When we were dating, I put my all my bills and my checkbook in a cigar box on my kitchen counter. Once a month, I paid them. As Michael waited for me to get ready for a date one night, the cigar box must have caught his eye and by the time I was ready he was seriously fretting over my system. Back then, I saw his actions as a first sign of true love. Once we were married—and he took my cigar box and the bills—I saw it in an entirely different way.
We were about 10 years into our careers and, as a result, were bringing home decent money. I had lived on my own for a long time and I was used to doing what I pleased with the money I earned. I rarely said "no" to myself.
We had both come into the marriage confident we knew how to manage our money. But could we manage money together?
My dear husband was born with a computer chip in his brain and Quicken software at his fingertips—so our bills were his domain. No conversation. It just happened. Then one day, as he was paying bills, I was talking about a new lamp that I intended to buy for our apartment. I heard him say, "No, we don’t have enough money for the lamp." What?
This lamp, even back in 1987, was pretty cheap—it cost less than $30. I tried again, explaining that it was really affordable. He still shook his head.
It was at that point the fight began in earnest. I patiently explained to him that I worked, I made money and I was going to spend it the way I saw fit to spend it. Had he seen my pay stub lately? And, when did the "permission" step get inserted into my purchasing power?
He dragged out the Quicken printouts to show me how much money we were spending on dining out and other discretionary items. It was one of those moments in a marriage that makes you feel like you’ve been sucker punched.
Neither of us was about to give in, so I dug deep into my memory and conjured up a financial plan my parents had perfected. I grabbed 10 plain white envelopes. I labeled them with each category of the budget he had in his computer printout, plus one more: lamp.
Each month, we put enough cash in each envelope to cover that bill. Then we put aside some toward entertainment, some for clothing and finally some toward the "lamp." Once the cash was gone, it was gone. The rest of our paychecks went to 401(k) retirement contributions and other savings.
Those little envelopes had us living like a king and queen. We felt like we had more freedom because when the money was not in the envelope, we did not have to guess or fret—we were simply done until the next month. No more arguments. We found ourselves magically on equal footing with the outflow of that cash. The struggle abated as quickly as it started.
Since we were making changes, we decided to do one more thing to help us save. We employed one of my favorite "out of sight, out of mind" savings technique. I had my bank automatically whisk $250 out of my paycheck and into our savings account each month. That $250 silently accumulated. We learned to live without it after a time. The real beauty of this technique is that it was there when we needed to make a purchase that cost more than the cash we had in our envelopes.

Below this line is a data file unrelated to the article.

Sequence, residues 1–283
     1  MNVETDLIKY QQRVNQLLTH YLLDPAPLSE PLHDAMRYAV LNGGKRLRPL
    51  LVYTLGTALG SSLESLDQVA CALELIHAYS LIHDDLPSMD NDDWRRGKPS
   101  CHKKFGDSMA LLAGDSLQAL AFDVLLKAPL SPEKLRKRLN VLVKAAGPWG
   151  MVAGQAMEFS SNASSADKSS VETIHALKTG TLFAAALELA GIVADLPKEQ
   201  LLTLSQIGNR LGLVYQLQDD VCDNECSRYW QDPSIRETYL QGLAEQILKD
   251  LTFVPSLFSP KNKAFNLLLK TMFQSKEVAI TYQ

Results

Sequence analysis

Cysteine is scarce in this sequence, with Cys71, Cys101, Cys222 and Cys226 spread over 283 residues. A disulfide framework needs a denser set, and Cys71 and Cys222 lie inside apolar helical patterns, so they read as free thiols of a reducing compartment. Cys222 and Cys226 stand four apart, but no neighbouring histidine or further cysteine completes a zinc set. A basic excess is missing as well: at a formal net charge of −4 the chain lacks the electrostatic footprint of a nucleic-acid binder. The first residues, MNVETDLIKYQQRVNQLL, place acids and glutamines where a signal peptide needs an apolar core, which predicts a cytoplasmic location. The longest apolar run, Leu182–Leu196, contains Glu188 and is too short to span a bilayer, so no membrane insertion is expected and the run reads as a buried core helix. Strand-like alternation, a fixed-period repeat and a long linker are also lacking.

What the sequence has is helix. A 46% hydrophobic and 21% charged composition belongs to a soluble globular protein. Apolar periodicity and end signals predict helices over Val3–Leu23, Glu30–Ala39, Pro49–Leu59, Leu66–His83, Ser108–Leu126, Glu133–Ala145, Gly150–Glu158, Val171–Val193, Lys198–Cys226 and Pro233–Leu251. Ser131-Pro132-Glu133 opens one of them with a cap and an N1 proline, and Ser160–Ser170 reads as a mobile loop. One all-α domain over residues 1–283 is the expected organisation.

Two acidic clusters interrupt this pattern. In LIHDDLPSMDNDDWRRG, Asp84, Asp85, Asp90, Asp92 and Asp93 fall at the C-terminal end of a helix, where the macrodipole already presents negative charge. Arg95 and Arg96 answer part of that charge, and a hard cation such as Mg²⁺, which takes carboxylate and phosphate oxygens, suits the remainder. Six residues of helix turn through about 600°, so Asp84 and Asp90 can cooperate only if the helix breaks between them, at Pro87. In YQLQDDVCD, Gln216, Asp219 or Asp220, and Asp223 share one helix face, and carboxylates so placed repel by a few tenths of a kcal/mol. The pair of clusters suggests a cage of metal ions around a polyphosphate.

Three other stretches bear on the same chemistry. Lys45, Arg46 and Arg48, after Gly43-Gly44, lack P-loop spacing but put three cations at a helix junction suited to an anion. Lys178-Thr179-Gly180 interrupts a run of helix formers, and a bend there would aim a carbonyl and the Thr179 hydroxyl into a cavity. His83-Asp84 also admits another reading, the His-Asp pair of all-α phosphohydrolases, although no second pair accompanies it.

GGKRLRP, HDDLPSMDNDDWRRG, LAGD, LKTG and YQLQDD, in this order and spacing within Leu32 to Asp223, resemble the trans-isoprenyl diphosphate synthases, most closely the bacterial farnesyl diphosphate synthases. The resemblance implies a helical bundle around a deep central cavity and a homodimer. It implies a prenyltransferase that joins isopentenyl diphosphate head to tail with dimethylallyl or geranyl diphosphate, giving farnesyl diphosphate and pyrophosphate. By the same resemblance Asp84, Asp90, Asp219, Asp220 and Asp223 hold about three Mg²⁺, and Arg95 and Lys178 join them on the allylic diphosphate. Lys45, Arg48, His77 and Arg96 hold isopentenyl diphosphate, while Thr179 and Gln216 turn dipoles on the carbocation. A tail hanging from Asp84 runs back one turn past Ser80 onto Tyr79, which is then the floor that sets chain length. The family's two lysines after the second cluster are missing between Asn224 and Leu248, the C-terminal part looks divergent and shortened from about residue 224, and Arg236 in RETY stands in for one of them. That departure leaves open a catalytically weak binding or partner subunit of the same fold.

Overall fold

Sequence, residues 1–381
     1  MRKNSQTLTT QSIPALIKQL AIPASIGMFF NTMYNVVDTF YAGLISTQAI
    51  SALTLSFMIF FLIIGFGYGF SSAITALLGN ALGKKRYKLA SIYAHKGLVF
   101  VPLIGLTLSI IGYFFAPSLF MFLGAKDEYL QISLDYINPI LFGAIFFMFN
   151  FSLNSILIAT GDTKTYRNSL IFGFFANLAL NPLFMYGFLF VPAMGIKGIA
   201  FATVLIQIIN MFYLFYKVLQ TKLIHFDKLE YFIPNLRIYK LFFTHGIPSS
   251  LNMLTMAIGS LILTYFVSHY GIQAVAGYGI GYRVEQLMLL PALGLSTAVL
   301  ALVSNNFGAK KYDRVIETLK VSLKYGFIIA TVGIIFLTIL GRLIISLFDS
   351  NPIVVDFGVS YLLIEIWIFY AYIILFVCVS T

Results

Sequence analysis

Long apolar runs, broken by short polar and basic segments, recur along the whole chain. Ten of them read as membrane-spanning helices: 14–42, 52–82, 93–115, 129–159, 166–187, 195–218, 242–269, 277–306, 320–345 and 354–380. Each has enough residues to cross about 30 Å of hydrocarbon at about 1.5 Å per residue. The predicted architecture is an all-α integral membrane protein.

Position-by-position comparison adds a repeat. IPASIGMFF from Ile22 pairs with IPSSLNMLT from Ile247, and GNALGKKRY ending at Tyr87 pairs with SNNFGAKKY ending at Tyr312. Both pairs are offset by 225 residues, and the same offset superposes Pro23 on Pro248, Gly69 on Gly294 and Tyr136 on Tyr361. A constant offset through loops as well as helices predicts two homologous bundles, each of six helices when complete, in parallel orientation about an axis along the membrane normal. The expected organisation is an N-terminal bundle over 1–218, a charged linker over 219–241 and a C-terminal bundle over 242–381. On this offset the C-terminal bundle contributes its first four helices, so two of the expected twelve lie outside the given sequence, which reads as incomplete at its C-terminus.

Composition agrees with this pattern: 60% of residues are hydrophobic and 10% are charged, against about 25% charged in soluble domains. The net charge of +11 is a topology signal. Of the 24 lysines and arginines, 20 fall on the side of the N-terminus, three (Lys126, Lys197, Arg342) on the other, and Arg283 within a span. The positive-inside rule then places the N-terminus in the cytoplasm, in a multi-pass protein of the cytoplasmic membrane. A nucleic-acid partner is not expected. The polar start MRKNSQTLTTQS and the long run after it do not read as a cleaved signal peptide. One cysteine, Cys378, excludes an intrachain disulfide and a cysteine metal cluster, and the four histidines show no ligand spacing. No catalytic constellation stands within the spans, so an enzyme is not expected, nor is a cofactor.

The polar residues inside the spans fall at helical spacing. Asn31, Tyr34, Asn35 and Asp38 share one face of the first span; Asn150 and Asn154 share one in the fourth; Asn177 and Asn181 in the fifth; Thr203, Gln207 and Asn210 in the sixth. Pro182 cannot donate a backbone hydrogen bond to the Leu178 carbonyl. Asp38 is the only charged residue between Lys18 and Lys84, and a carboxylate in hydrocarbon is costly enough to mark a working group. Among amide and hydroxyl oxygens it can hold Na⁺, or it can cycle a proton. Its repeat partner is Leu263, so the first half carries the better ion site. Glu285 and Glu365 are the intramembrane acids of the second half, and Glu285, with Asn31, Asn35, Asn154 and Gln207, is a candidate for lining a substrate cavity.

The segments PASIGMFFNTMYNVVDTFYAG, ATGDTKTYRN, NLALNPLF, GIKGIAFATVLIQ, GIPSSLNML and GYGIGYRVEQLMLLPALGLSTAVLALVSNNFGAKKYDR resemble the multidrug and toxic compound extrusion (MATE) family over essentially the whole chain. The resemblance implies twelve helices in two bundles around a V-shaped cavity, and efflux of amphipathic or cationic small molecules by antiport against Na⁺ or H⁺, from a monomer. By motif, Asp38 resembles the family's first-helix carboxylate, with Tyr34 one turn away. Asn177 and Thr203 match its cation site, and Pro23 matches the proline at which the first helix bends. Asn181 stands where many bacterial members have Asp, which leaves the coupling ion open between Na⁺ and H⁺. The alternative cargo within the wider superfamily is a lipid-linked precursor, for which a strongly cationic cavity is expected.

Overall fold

Now, about that lamp. You know, I never got it. No, not because I couldn’t. But because once I had enough saved in the envelope, I decided that I wanted something else entirely. How about that? Setting a goal and saving toward it may mean you find out what you really wanted wasn’t the impulse purchase after all.
I teach our kids to keep a list of the things they want. We started that young when I was trying to get out of a store and all I heard was "Mommy, please!" Somehow, just writing the item on a list made them feel heard. They would keep the list and when it was time for a birthday, holiday or a special treat, they had a ready-made list of things they wanted. And, sometimes, they found they had a list of things they didn’t want. The girls were always amazed at how many "lame-o" things got on that list in the first place.
I learned a lot in those early years of marriage about how much of a power struggle there can be over money. I also learned that the best solutions are sometimes the simplest. Grab some envelopes when you get in trouble. Use only cash for a time until you begin to feel the freedom we felt of knowing the beginning and end to the money by simply looking in the envelope. And set up automatic savings deductions and forget about them. Let the money sit and grow until you really need it.
One last thought. Your children are always watching. The envelope approach was the brainchild of my Depression-era parents. It was their way of managing money and budgeting when I was a kid. When I hit a money crisis, I reverted to my parents’ example and used their model to solve my own adult money problem.
Thanks, Mom. Thanks, Dad.
Susan Beacham is the founder and CEO of Money Savvy Generation, a financial education company that provides innovative products and services to help parents and educators teach children the skills of basic personal finance, www.MoneySavvyGeneration.com. E-mail her at [email protected]
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